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This article was published on June 24, 2013

Just in time for Google Reader’s demise, beloved RSS reader NetNewsWire launches open beta

Just in time for Google Reader’s demise, beloved RSS reader NetNewsWire launches open beta
Matthew Panzarino
Story by

Matthew Panzarino

Matthew Panzarino was Managing Editor at TNW. He's no longer with the company, but you can follow him on Twitter. Matthew Panzarino was Managing Editor at TNW. He's no longer with the company, but you can follow him on Twitter.

In just a week, Google will shut the door on Reader forever. But now a local reader alternative is coming back with a vengeance and, eventually, with syncing between Mac, iPhone and iPad.

It’s called NetNewsWire 4 and you may have heard of it. That’s because it basically created the standard for news readers on the desktop computer when it was introduced in 2002 by its creator Brent Simmons. Simmons was then hired on by NewsGator when it bought NetNewsWire in 2005, left to found Sepia Labs, the makers of Glassboard. More recently, Simmons went indie again with the release of the Vesper notes app directed by John Gruber and designed by Dave Wiskus.

The app was acquired by Black Pixel in 2011, and the firm set about rebuilding it as a client for the Mac and iOS.

Screen Shot 2013-06-20 at 11.03.11 AM

In the wake of the announcement that Google Reader is done for, the lack of a modern, updated NetNewsWire for Apple’s various devices has become even more of a thorn.

The new NetNewsWire is as good a reader experience as any I’ve tried lately. There aren’t a ton of bells and whistles, but it’s fast, and the article rendering is sure handed and superb. The basic keyboard shortcuts are all here, letting you zip through articles as fast as you like. The interface is patterned around the relatively monochromatic scheme used by Mountain Lion’s Finder sidebar.

Sharing options allow you to send articles out via email, Twitter, Facebook or save them to Instapaper for reading later. Support for other read-later services like Pocket will be welcome, but I’m sure they’ll come as the beta evolves. You can, of course, download your Google Reader feeds to get you started, or NetNewsWire has a list of suggested sites and feeds that you can subscribe to.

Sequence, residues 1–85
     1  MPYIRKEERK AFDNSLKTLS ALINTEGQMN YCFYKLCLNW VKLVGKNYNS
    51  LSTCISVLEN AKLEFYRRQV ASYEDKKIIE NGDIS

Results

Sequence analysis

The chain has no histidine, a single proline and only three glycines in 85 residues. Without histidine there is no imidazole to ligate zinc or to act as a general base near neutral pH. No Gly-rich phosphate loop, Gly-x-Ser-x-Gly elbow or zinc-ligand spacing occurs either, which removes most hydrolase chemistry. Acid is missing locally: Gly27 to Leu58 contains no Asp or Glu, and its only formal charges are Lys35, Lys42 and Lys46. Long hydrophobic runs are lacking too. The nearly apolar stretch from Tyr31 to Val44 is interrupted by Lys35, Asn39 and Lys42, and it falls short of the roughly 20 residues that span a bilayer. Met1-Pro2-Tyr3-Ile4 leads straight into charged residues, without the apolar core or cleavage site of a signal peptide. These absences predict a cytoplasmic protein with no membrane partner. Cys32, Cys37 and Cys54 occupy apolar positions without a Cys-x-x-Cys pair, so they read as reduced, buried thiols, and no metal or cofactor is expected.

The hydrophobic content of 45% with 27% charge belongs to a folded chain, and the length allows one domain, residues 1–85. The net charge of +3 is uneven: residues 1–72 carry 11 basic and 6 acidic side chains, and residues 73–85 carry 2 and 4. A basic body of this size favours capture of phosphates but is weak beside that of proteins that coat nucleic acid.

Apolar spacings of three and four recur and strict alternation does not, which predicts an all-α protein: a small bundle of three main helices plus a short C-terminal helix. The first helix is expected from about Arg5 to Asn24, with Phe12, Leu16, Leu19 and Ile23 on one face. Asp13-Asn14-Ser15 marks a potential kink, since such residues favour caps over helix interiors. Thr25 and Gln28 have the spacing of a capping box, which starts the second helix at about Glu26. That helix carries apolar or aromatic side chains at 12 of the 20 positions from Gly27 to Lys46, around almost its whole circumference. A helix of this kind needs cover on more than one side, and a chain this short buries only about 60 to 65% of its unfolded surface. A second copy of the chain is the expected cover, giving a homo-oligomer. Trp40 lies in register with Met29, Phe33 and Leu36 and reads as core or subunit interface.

One of the nicer options for article reading is the ability to keep multiple items open in their own ‘tabs’, which adds to the staid ‘one piece at a time’ model that most readers still honor. You can also bookmark anything from articles to sites as your favorites to find easily later, and all of those items can be searched.

The first version of NetNewsWire that’s being released today is in open beta. This means that anyone can download it in order to give Black Pixel the feedback they’ll need to refine it. The trial period will be extended outwards until it’s time to ship the full version.

I asked Black Pixel founder Daniel Pasco if the timing was about the Google Reader cutoff and he said yes, absolutely. Launching a lighter-featured version now allows people to download their Reader archives and feeds and have a nice local repository for those until the firm can get the iPhone and iPad versions fit to ship.

Along with those other versions will come sync, something that has been a bit of a hot button topic since Pasco opened up about how rough the Core Data component of Apple’s iCloud was for developers. In that post he notes that they spent a year trying to get iCloud to work properly before deciding to drop it and build their own solution. That new solution, which they aren’t talking about yet, is what the sync for NetNewsWire for Mac, iPhone and iPad will use to communicate with one another.

Users can pre-order NetNewsWire now for half off the regular price or simply keep using the open beta releases as they come free of charge for now.

Yes, this latest version of NetNewsWire isn’t as feature rich as, say NNW 3, but it’s definitely more robust than the last official ‘lite’ version. It’s also a very capable local RSS reader and aggregator that does not require Google Reader to function and store your items.

Of course, the landscape is a lot different now than it was back in 2011. There are cross-platform competitors like Reeder, which have embraced the single-to-multi-column interfaces of apps like Tweetie or Tweetbot. NetNewsWire, which essentially defined the RSS reader breed, has its work cut out for it if it wants to not only compete but become that gold standard again.

It will be interesting to see how NNW evolves over this beta period, and how well the iOS versions of the app stack up — and sync — when compared to its successors.

You can download the beta of NetNewsWire for Mac now.

Note: If the site isn’t up for you just try back in a bit as it switches over to the new design.